|Publication number||US5339234 A|
|Application number||US 08/052,483|
|Publication date||Aug 16, 1994|
|Filing date||Apr 23, 1993|
|Priority date||Apr 23, 1993|
|Publication number||052483, 08052483, US 5339234 A, US 5339234A, US-A-5339234, US5339234 A, US5339234A|
|Inventors||Thomas Russello, Richard Sangiamo|
|Original Assignee||The Genlyte Group Incorporated|
|Export Citation||BiBTeX, EndNote, RefMan|
|Patent Citations (7), Referenced by (39), Classifications (11), Legal Events (4)|
|External Links: USPTO, USPTO Assignment, Espacenet|
1. Field of the Invention
This invention pertains to a light fixture with a ratcheted swivelling socket which slides within an arcuate, generally vertical, slot.
2. Description of the Prior Art
In the prior art, light fixtures are known which have a simple frictionally engaged, variably adjustable, swivelled socket with respect to the fixed base of the fixture. However, these designs are deficient in that it is difficult to keep the socket fixed in a single position over a long period of time unless the fit or engagement at the swivel point is made so tight that initial swivelling is difficult.
Additionally, these swivelled sockets which rely entirely on a friction fit have typically provided for simple rotation with one or two degrees of freedom with respect to the base without allowing for more complex freedom of movement.
Moreover, recent advances in high-illumination, low wattage, Edison socket-type bulbs with compact internal fluorescent tubes in the place of incandescent wire filaments have increased the need for an outdoor fixture without the deficiencies identified above.
It is therefore an object of this invention to provide a lighting fixture with a swivelled socket with a ratcheted attachment to the base of the fixture.
It is therefore a further object of this invention to provide a lighting fixture with a socket which swivels with respect to the base in a more complex way than simple rotation with one or two degrees of freedom.
It is therefore a still further object of this invention to provide a light fixture with a swivel-mounted Edison socket adapted to bulbs with internal fluorescent tubes, particularly for outdoor use.
It is therefore a final object of this invention to provide a light fixture which is easily and inexpensively manufactured.
These and other objects are attained by providing a light fixture with a socket with a male element with a radially toothed ring peripherally outward from a least a portion thereof and radially opposed parallel notches on lateral sides thereof. The male element fits within an arcuate, generally vertical slot within the base of the fixture. The slot includes an elongated portion with a reduced diameter which corresponds to the distance between the radially opposed parallel notches of the male portion. The slot further includes an end of increased diameter which corresponds to the outer diameter of the male element. A spring steel fastener with a V-shaped portion engages the notches of the male element of the socket after the male element has passed through the slot. The V-shaped portion of the spring steel fastener engages the radial teeth of the ring thereby providing a ratchet-type feature. Additionally, the male element has the freedom to slide to various positions within the arcuate slot, thereby providing further adjustability to the orientation of the bulb.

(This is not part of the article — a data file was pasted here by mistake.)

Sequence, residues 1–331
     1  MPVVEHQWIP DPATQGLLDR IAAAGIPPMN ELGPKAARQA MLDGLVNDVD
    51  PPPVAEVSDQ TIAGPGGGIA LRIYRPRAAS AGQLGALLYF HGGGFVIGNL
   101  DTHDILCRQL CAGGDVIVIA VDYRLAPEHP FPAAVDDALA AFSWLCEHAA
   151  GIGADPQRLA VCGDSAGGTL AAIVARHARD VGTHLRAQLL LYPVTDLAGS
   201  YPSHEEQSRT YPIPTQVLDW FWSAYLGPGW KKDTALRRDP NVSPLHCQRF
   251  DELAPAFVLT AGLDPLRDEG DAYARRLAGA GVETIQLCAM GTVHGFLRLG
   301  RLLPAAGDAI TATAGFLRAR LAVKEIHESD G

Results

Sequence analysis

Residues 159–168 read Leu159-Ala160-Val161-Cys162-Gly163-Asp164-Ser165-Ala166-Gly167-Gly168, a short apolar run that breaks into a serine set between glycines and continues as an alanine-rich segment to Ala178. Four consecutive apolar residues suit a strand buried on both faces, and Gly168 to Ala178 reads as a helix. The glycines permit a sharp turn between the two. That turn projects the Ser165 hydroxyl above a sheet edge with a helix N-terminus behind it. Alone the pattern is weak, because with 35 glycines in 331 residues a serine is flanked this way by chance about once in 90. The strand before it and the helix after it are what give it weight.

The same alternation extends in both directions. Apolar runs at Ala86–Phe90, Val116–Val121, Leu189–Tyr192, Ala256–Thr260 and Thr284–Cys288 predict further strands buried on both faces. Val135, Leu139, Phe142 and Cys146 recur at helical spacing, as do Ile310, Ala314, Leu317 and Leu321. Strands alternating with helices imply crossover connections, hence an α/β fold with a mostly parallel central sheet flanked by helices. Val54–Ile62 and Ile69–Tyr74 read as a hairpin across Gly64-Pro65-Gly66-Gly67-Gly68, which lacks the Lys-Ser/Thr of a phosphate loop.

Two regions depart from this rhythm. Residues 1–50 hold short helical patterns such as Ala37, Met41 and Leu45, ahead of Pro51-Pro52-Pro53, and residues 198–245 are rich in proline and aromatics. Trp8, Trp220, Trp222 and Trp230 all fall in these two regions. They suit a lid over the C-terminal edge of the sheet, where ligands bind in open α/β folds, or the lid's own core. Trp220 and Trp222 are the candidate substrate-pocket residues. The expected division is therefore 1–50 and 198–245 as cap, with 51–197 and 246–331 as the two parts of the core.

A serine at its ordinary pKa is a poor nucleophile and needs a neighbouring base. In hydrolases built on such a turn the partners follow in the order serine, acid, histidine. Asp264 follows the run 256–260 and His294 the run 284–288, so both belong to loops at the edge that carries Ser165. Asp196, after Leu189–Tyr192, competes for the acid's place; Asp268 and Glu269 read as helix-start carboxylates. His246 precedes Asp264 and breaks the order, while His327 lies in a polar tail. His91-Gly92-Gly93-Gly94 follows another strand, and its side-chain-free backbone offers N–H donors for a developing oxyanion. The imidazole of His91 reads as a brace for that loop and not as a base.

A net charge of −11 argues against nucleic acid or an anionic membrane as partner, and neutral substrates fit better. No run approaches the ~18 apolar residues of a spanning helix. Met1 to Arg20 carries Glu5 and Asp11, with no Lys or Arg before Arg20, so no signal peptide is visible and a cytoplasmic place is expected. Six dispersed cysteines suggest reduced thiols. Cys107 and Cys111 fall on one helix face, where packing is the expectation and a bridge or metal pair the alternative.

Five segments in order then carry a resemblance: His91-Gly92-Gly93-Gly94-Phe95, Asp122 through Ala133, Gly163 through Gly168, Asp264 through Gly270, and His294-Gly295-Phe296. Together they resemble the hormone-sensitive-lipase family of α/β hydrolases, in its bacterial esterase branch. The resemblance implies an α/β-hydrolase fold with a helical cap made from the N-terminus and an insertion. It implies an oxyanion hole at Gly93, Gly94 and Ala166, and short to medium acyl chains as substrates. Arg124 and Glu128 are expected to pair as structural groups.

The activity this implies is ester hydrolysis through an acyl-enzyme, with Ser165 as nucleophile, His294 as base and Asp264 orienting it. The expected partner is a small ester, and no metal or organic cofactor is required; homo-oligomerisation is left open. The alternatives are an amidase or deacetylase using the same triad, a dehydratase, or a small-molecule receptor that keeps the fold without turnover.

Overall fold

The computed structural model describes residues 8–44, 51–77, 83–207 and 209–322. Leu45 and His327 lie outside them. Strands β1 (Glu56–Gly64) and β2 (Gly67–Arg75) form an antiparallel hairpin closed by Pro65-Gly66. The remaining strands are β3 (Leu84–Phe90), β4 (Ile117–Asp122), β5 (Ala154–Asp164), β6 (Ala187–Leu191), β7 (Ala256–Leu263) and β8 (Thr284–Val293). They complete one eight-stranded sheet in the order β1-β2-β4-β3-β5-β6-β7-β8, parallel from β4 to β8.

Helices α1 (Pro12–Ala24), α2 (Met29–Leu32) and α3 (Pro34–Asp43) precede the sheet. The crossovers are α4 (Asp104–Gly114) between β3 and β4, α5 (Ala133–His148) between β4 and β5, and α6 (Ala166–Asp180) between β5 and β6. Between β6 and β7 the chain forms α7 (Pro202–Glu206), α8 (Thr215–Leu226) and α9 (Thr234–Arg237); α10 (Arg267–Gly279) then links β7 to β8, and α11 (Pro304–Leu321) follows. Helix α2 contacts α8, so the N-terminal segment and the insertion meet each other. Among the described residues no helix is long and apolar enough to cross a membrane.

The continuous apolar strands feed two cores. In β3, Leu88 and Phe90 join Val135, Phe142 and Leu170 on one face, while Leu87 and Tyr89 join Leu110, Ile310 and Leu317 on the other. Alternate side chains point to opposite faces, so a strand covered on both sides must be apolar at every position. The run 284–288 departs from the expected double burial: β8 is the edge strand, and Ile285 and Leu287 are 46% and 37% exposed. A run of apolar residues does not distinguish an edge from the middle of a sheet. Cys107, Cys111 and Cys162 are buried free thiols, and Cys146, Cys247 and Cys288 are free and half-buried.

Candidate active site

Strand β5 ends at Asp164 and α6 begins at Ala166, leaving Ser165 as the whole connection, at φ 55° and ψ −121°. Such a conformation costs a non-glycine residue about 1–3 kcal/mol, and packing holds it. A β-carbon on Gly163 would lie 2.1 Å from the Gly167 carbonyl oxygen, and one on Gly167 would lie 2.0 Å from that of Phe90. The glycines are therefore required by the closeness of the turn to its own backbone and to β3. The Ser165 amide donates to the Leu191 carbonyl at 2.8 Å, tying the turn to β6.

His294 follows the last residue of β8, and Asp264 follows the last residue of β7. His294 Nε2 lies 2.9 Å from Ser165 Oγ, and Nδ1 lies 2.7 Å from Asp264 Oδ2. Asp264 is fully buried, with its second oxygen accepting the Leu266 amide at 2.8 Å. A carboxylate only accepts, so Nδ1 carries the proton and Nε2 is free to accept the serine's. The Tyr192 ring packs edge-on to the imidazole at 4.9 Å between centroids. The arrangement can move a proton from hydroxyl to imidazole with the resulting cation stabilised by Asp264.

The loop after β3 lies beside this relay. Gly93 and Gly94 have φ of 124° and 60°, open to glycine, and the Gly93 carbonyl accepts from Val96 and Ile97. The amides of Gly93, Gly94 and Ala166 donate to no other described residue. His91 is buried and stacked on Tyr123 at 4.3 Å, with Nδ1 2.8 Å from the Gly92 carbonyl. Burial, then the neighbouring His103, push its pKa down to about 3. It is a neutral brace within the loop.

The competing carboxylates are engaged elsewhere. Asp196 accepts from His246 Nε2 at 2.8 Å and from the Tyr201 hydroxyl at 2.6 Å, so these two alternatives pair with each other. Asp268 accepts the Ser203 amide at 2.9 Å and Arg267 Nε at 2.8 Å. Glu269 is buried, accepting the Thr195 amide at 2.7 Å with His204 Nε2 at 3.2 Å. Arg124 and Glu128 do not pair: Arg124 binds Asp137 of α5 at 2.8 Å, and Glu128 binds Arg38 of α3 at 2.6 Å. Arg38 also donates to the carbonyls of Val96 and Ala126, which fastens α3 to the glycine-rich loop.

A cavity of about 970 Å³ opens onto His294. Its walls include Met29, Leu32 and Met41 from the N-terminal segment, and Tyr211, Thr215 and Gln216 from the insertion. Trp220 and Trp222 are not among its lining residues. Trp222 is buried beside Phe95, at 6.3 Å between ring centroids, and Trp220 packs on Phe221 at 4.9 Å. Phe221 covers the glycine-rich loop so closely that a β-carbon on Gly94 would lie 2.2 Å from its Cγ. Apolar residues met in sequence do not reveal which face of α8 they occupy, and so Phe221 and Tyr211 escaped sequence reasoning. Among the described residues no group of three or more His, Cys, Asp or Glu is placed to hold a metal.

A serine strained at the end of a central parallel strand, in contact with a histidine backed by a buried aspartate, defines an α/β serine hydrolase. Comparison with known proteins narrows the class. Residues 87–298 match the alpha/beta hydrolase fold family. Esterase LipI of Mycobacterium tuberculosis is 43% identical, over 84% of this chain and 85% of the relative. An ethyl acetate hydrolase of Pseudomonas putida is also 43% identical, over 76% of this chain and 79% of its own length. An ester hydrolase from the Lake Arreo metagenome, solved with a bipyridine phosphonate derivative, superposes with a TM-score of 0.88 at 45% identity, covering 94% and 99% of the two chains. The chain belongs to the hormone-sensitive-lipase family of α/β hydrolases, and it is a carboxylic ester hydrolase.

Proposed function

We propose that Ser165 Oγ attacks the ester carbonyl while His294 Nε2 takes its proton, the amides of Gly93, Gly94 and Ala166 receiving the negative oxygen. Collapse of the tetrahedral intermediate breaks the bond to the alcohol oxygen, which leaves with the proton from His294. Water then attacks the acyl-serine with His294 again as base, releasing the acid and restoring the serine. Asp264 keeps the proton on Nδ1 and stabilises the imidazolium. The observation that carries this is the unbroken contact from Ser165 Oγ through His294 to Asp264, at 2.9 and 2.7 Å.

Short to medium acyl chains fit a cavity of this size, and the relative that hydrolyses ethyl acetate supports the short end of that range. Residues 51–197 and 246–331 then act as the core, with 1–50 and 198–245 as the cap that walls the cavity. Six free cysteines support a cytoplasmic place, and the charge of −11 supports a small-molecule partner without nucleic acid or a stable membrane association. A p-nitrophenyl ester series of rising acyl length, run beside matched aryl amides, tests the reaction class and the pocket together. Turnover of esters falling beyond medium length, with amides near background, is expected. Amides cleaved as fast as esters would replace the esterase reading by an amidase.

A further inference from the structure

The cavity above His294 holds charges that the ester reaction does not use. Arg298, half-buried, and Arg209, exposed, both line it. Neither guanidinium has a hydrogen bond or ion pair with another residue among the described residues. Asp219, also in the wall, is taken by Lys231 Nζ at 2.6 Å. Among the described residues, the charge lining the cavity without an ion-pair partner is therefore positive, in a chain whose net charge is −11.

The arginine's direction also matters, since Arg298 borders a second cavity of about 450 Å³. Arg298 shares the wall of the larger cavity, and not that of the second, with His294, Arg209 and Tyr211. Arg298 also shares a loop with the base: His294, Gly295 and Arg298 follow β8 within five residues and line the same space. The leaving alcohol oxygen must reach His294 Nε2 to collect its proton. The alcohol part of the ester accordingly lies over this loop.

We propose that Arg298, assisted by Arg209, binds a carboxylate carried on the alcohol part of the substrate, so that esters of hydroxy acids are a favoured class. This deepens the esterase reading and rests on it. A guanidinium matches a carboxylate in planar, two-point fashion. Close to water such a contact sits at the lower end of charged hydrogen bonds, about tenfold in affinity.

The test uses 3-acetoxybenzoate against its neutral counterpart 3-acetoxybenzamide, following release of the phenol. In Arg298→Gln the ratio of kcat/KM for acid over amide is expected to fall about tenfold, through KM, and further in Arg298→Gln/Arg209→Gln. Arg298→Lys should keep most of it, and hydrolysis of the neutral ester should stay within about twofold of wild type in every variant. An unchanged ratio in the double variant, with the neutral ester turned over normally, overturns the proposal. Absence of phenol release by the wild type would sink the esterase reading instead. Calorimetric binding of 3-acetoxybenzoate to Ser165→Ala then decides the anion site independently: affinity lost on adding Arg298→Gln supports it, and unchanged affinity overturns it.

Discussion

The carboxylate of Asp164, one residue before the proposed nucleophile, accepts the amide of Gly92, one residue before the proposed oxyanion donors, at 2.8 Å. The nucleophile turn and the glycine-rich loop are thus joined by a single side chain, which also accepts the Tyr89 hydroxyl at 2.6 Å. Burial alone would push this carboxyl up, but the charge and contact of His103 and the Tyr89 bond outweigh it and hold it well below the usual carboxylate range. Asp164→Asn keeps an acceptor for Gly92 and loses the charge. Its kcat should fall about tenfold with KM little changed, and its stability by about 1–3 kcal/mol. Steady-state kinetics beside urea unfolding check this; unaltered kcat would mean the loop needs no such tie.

Further objects and advantages of the invention will become apparent from the following description and claims, and from the accompanying drawings, wherein:
FIG. 1 shows an exploded rear perspective view of the invention.
FIG. 2 shows a fragmentary view of the engagement of the spring steel fastener to the male element of the socket and the slot of the base of the fixture.
FIG. 3 shows a close-up view of the spring steel fastener wherein the V-portion is between the furrows of the radially toothed ring.
FIG. 4 shows a close-up view of the spring steel fastener wherein the V-portion is engaged within a furrow of the radially toothed ring.
FIG. 5 is a front perspective view of the light fixture, showing the bulb in phantom.
Referring now to the drawings in detail wherein like numerals refer to like elements throughout the several views, one sees that FIG. 1 discloses an exploded view of fixture 10.
Fixture 10 includes a socket assembly 12 and base 14. Socket assembly 12 includes shroud 16 which includes therein a conventional Edison socket (not shown) for engaging bulb 100 (see FIG. 5 for the relationship of bulb 100 to fixture 10) which is preferably a low-wattage, high illumination bulb with internal fluorescent tubes. Proximal end 18 of shroud 16 is rounded, preferably hemispheric, and includes hollow cylindrical male element 20 which is offset from the longitudinal axis of shroud 16. Concentric aperture 21 within male element 20 provides a path for wires 102 (see FIGS. 2-4) to pass from socket assembly 12 through the base 14 and to a conventional source of external electrical power.